Hang in there. Things like this will always sting a bit, no matter how thick you think your skin is. The sting eventually ends up staying with you less and less in time.
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You have completely misunderstood the situation with this colleague. Your colleague is queer. She noticed somewhere that you’d noted that you were identified with queer stuff in some way, so she asked you about it. It’s not a hit on, it’s the “hey are we family?” question. She was feeling you out to see if you were queer yourself, or a queer ally. I don’t understand how anything she said, by your own retelling, could possibly be construed as offensive. In my experience (and that of every queer I know) when someone out of the blue is interested in your queerness and actively wants to engage in a positive way, it’s one of the most validating things that can happen. You get clocked and someone leans in and says “hey, me too!” She was trying to tell you that if you’re queer and if you’re struggling that you’re not alone. So calm your farm, you’re projecting your insecurities and she’s not being inappropriate by any stretch of the imagination.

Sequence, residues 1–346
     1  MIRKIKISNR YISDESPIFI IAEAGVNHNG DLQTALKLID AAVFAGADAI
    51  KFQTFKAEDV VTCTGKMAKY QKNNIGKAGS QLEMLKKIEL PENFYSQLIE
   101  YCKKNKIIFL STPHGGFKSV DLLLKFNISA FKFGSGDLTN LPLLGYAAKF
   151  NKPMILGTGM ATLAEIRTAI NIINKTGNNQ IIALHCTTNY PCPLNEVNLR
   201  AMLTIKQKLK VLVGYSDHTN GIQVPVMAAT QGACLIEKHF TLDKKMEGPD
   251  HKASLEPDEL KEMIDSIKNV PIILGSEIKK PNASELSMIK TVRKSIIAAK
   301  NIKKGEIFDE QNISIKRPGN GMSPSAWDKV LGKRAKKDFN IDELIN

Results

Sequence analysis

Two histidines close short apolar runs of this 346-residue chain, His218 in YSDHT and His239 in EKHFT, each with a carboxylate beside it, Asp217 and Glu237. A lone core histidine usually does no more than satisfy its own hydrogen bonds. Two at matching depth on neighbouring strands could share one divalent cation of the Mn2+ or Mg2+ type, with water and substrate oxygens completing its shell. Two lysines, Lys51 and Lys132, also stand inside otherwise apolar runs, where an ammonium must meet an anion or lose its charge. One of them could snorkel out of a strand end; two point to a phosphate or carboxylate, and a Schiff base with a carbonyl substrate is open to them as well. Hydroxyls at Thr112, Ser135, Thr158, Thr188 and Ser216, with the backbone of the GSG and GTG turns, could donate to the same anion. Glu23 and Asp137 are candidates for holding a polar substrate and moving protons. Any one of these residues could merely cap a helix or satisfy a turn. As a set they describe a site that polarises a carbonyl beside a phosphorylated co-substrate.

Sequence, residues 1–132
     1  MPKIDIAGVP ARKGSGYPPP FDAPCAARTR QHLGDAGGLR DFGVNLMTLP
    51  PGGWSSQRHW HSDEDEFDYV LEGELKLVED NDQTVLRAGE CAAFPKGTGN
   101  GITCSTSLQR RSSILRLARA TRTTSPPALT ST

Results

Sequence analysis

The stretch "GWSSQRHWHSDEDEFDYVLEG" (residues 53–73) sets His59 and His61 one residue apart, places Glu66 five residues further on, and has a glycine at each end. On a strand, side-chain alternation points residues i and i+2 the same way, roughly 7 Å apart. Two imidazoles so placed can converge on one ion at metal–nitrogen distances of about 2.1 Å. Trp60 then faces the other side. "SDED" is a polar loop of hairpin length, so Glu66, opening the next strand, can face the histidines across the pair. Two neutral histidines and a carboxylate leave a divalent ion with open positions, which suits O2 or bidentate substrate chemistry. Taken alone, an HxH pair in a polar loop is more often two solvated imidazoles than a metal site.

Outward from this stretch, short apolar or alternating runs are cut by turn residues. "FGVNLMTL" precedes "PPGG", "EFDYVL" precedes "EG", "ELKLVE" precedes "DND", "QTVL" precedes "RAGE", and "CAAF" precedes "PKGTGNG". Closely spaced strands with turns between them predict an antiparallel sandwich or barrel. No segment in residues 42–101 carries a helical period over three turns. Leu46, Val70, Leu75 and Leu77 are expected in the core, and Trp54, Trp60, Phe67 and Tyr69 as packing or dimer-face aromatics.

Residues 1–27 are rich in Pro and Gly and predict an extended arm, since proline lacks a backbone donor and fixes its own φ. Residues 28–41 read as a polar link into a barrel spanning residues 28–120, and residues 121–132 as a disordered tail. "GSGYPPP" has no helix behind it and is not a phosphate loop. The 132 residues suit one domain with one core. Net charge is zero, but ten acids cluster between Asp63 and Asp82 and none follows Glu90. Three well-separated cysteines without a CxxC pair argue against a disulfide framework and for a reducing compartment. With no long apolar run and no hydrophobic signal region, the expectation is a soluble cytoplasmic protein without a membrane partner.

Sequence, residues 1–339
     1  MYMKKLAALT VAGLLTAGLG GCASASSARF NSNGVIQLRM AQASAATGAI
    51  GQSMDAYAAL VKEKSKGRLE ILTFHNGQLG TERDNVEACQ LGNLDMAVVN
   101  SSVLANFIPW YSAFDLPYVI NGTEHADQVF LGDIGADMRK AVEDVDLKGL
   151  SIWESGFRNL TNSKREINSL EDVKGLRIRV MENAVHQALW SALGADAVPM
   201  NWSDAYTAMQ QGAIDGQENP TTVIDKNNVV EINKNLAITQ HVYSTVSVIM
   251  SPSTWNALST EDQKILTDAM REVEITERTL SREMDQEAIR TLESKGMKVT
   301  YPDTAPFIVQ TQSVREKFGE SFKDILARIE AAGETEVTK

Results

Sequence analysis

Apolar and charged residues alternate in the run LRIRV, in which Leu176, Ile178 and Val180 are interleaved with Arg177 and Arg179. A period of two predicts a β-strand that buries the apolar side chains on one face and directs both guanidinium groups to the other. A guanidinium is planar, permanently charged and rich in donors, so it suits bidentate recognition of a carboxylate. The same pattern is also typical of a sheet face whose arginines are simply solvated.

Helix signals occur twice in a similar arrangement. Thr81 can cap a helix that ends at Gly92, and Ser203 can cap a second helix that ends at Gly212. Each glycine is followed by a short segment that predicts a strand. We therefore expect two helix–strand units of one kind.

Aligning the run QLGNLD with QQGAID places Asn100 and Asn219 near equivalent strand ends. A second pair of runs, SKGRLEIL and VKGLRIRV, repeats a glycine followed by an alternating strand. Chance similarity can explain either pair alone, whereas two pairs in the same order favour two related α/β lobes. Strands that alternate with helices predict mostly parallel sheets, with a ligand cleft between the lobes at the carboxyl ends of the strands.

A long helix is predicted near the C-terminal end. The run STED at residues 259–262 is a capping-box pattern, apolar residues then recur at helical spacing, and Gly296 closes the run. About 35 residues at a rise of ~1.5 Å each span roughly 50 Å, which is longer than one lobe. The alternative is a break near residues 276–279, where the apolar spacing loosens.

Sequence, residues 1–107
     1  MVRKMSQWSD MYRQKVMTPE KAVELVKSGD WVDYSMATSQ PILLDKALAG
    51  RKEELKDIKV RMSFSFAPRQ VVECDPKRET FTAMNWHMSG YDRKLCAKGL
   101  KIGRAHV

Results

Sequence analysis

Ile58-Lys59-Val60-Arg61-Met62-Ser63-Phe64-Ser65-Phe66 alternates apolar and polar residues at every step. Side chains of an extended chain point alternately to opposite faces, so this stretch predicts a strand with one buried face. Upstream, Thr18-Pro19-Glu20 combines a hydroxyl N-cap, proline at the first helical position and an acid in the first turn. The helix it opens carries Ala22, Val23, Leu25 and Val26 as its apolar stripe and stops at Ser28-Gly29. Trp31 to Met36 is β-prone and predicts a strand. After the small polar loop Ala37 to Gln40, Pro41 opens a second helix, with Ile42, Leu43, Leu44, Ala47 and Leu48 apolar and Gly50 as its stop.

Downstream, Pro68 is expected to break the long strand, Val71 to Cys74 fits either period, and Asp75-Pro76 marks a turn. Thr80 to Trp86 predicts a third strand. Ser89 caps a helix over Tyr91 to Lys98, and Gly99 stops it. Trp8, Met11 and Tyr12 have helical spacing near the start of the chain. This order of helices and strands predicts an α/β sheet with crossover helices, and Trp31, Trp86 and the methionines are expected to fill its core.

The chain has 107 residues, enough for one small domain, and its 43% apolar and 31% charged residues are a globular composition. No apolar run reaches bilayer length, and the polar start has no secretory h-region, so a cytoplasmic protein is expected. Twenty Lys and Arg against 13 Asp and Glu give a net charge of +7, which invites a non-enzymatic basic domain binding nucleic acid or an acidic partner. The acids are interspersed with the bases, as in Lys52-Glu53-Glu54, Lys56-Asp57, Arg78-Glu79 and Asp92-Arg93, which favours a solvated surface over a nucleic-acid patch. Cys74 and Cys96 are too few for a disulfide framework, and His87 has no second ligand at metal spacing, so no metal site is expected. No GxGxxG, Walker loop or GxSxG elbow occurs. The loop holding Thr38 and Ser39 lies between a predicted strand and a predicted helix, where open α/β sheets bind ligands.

Hello, I appreciate this perspective as it’s one I mulled over in the days after this event happened. I can’t fully explain why I disagree with your interpretation, or why I’m reading the event as I did, but something about the nature of how all the questions were asked and answered in the setting of a work meeting makes me feel as though being “family” wasn’t the motive. As I’ve said in this post, I could be wrong and I’ll likely never know what she was thinking. Again, thank you for highlighting another idea on the subject. It’s how I learn.